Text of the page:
Verso's collection of Wilde's political writings offers a thought-provoking feast for both novices and experienced Wildeans alike. - Hans Rollmann

Read Hans Rollmann's full review here.

Is It Still Good to Ya?, by Robert Christgau

Everyone who thinks and writes about pop music with a critical ear -- whether they produce 100-word blurbs or 3,000-word opuses, whether they write for established media brands or self-publish online, whether they're paid in all the promo copies they can stand or receive some amount of actual cash -- owes a debt to Robert Christgau. He's the rare critic who can write insightfully and passionately about a sweaty performance by a popular Congolese soukous band and a magisterial show by Senegal's Youssou N'Dour. That magic is captured in his latest anthology, Is It Still Good to Ya?

As this collection demonstrates in abundance, Christgau's enthusiasm -- looking for the next compelling beat, if not the perfect one -- is lifelong. - Mark Reynolds

Read Mark Reynolds' full review here.

Thomas Dunne (Jul 2018)

Just a Shot Away, by Saul Austerlitz

It's a cultural-studies cliché by this point to say that the Sixties started with the sunshiney Summer of Love and ended in muddy murder at Altamont. Much has been written about the Rolling Stones' disastrous 1969 concert at a speedway outside San Francisco—and how it was captured by the Maysles' indelible documentary Gimme Shelter. But Saul Austerlitz (Money for Nothing) finally takes the time to not just look into how the Woodstock-inspired festival collapsed in chaos but what actually happened to Meredith Hunter, the black teenager stabbed to death by the Hells Angels hired to handle security.

Austerlitz's politically agitated, culturally astute investigation captures not only the nightmare dregs of the rotting-from-within hippie scene but the psychopathic violence and deep racism coiled into the DNA of the bikers then seen as rebellious heroes by the likes of fest organizers the Grateful Dead (venomously excoriated by Austerlitz as clueless and cowardly). Just a Shot Away is riveting, dramatic, and revealing. - Chris Barsanti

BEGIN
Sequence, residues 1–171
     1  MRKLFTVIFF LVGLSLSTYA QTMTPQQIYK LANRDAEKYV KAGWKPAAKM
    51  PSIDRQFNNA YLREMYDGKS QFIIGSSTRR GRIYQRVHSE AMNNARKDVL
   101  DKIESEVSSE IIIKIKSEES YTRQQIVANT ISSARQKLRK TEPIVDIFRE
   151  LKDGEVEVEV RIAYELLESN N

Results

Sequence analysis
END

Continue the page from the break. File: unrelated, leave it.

Repeater Books (Nov 2018)

K-Punk by Mark Fisher

Mark Fisher's k-punk, edited posthumously by Darren Ambrose, is a testament to Fisher's range as a writer and thinker, spanning his music writing (he was a punk rocker), political writing, literary and genre criticism, interviews, and the occasionally less-focused personal musing. k-punk brings together dozens of previously uncollected writings from various magazines, websites, books, and his eponymous blog in a tome that weighs in at over 800 pages. Some of the writing was unpublished when Fisher died, including the unfinished introduction to his much-anticipated fourth book, Acid Communism, a form of aesthetics and politics he envisioned as the answer to capitalist realism.

As a collection, and one done in celebration of the life and struggles of a beloved thinker, k-punk has a clear editorial direction: to showcase the breadth of Fisher's talent, the depth of his critiques in even the shortest pieces, and the insight he brought to humanities on the Left. The work Ambrose has done to bring Mark Fisher to us in this massive volume will resonate in our thinking for decades to come. It's an important reminder of the power and versatility of Leftist thinking in horrible times. - Sean Guynes-Vishniac

Read Sean Guynes-Vishniac's full review here